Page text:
Clinical & Experimental Metastasis

, Volume 16, Issue 8, pp 721–728

Expression and role of matrix metalloproteinases MMP-2 and MMP-9 in human spinal column tumors

  • Ziya L Gokaslan
  • Shravan K Chintala
  • Julie E York
  • Venkaiah Boyapati
  • Sushma Jasti
  • Raymond Sawaya
  • Gregory Fuller
  • David M Wildrick
  • Garth L Nicolson
  • Jasti S Rao
Article

DOI: 10.1023/A:1006580728338

Cite this article as:
Gokaslan, Z.L., Chintala, S.K., York, J.E. et al. Clin Exp Metastasis (1998) 16: 721. doi:10.1023/A:1006580728338

Abstract

Matrix metalloproteinases (MMPs) have been implicated in the process of tumor invasion and metastasis formation. Thus, we determined the expression of MMPs in various primary and metastatic spinal tumors in order to assess the role of these enzymes in spinal invasion. MMP expression was examined by immuno-histochemical localization, and quantitative evaluation of MMP protein content was determined by enzyme-linked immunosorbant assay (ELISA) and Western blotting. MMP enzyme activity was determined by gelatin zymography. Lung carcinomas and melanomas metastatic to the spine were shown to have higher levels of MMP-9 activity than those of breast, thyroid, renal metastases and primary spinal tumors. Immunohistochemical analysis revealed similar difference in expression of MMP-9 in tissue samples. When the tissue samples were subjected to gelatin zymography for examination of MMP-2 and MMP-9 activity and to ELISA and Western blotting for quantitative estimation of protein content, the most striking results were obtained for lung carcinomas and melanomas relative to the other tumors. Lung carcinomas and melanomas metastatic to the spine had considerably higher levels of MMP-9 activity than those of primary spinal tumor or breast, thyroid, and renal carcinoma metastases. Within the metastatic tumor category, neoplasms that are known to be associated with the shortest overall survival rates and most aggressive behavior, such as lung carcinomas and melanomas, had the highest levels of MMP-2 and MMP-9 activity compared to those less aggressive metastatic tumors such as breast, renal cell, and thyroid carcinomas. Our results suggest that MMPs may contribute to the metastases to the spinal column, and overexpression of these enzymes may correlate with enhanced invasive properties of both primary and metastatic spinal tumors.© Kluwer Academic Publishers 1998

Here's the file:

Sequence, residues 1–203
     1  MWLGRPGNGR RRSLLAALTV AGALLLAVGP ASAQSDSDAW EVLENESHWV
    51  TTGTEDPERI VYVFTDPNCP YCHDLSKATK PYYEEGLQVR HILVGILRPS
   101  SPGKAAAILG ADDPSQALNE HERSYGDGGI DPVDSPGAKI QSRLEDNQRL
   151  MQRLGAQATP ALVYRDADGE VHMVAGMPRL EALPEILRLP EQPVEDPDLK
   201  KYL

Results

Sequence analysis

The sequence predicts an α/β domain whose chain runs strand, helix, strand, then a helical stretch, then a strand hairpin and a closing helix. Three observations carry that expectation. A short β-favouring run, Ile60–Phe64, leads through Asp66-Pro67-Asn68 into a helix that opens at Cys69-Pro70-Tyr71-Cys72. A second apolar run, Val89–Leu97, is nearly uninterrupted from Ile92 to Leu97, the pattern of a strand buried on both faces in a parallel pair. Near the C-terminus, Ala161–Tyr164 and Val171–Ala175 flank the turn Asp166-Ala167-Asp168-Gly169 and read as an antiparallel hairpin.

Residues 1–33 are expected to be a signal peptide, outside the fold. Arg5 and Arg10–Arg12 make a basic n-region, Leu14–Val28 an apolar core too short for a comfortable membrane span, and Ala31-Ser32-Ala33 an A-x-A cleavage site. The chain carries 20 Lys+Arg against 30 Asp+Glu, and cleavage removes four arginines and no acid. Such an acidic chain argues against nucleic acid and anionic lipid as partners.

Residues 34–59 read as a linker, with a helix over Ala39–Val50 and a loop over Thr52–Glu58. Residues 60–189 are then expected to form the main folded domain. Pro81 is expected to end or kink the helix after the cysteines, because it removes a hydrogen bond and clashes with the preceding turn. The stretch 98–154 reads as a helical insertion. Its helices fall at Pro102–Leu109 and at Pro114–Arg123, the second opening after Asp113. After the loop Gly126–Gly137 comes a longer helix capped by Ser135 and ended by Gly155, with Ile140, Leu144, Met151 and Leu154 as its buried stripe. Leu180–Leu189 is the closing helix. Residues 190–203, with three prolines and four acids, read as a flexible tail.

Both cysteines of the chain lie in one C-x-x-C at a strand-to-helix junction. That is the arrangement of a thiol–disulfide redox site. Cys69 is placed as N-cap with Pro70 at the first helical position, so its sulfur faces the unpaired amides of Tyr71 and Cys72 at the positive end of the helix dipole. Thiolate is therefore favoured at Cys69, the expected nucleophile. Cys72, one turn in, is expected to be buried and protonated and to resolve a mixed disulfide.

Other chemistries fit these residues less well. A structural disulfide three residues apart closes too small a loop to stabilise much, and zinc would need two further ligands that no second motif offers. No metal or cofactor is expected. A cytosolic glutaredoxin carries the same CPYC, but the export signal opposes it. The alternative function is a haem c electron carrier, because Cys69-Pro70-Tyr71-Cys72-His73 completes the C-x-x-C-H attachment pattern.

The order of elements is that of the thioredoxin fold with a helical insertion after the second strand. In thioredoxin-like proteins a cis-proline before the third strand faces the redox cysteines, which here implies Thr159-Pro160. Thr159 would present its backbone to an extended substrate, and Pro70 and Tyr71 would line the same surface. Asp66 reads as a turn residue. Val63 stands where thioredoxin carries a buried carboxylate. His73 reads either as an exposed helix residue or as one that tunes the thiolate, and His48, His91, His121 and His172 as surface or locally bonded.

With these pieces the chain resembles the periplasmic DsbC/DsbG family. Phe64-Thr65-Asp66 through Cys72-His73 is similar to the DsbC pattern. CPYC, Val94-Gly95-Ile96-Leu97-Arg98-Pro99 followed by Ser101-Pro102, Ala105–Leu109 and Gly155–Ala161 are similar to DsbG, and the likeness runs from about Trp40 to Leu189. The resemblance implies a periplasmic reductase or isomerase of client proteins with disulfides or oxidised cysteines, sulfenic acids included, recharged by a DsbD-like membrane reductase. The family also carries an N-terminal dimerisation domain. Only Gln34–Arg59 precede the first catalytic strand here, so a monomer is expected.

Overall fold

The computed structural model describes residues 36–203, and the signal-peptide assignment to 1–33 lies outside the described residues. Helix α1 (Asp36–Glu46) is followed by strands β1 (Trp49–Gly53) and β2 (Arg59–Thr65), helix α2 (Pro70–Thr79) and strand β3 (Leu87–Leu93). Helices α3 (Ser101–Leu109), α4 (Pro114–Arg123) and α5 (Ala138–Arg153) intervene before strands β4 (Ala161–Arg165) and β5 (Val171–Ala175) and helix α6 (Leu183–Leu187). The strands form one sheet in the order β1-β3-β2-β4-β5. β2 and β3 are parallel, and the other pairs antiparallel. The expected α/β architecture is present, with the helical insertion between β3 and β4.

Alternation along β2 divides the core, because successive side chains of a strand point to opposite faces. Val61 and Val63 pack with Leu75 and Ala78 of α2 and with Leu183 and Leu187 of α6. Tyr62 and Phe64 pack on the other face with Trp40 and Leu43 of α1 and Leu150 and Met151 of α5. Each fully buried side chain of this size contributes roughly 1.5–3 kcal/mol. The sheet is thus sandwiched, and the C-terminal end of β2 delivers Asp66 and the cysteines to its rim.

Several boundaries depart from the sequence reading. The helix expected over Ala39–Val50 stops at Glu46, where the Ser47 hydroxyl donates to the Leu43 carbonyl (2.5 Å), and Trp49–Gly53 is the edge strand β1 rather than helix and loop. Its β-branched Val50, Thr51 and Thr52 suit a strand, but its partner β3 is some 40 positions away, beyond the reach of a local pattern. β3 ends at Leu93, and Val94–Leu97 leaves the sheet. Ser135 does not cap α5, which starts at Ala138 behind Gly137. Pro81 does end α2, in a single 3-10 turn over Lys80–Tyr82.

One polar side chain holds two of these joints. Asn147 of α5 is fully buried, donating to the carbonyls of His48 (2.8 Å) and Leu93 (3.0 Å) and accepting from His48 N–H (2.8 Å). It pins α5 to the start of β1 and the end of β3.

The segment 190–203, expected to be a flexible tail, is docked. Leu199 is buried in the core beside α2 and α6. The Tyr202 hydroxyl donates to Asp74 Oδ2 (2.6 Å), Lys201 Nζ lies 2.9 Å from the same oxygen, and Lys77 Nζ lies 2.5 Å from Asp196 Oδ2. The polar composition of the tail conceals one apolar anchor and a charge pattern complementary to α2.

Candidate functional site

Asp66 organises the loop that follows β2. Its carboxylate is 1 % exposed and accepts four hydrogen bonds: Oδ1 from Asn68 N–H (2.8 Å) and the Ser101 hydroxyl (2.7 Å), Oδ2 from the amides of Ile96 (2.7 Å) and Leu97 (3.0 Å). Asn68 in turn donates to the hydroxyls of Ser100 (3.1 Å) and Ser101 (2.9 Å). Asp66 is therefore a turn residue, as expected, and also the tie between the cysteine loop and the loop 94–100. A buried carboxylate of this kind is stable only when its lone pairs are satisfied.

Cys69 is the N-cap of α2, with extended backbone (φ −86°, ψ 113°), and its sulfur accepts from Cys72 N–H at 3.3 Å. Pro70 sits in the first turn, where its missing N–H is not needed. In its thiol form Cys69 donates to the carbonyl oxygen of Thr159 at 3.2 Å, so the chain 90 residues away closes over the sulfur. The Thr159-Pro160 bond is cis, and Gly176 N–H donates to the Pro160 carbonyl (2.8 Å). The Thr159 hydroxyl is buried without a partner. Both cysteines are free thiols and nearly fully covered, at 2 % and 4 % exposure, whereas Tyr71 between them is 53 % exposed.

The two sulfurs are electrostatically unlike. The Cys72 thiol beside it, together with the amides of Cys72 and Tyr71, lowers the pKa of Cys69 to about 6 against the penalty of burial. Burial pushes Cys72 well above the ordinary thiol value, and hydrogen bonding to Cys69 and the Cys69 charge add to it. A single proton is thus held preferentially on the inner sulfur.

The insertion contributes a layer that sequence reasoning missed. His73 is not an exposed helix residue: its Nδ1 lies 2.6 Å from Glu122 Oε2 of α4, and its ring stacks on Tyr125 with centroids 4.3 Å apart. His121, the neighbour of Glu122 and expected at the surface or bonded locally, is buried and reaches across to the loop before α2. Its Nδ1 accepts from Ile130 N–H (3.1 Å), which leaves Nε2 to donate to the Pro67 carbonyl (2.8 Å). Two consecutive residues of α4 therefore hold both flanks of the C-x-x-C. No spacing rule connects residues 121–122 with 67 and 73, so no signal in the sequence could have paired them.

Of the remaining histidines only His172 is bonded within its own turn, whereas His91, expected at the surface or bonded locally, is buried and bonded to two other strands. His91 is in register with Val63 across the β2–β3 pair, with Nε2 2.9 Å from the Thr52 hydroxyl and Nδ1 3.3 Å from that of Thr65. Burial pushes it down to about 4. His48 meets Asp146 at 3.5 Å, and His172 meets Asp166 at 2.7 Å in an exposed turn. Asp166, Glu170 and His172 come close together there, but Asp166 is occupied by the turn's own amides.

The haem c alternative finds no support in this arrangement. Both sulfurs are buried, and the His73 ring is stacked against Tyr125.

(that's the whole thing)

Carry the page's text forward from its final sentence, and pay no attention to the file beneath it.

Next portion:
immunohistochemistry MMPs proteases spinal metastases TIMPs 

Copyright information

© Chapman and Hall 1998

Authors and Affiliations

  • Ziya L Gokaslan
    • 1
  • Shravan K Chintala
    • 1
  • Julie E York
    • 1
  • Venkaiah Boyapati
    • 1
  • Sushma Jasti
    • 1
  • Raymond Sawaya
    • 1
  • Gregory Fuller
    • 2
  • David M Wildrick
    • 2
  • Garth L Nicolson
    • 1
  • Jasti S Rao
    • 1
  1. 1.Department of NeurosurgeryThe University of Texas M. D. Anderson Cancer CenterHoustonUSA
  2. 2.The Institute for Molecular MedicineHuntington BeachUSA

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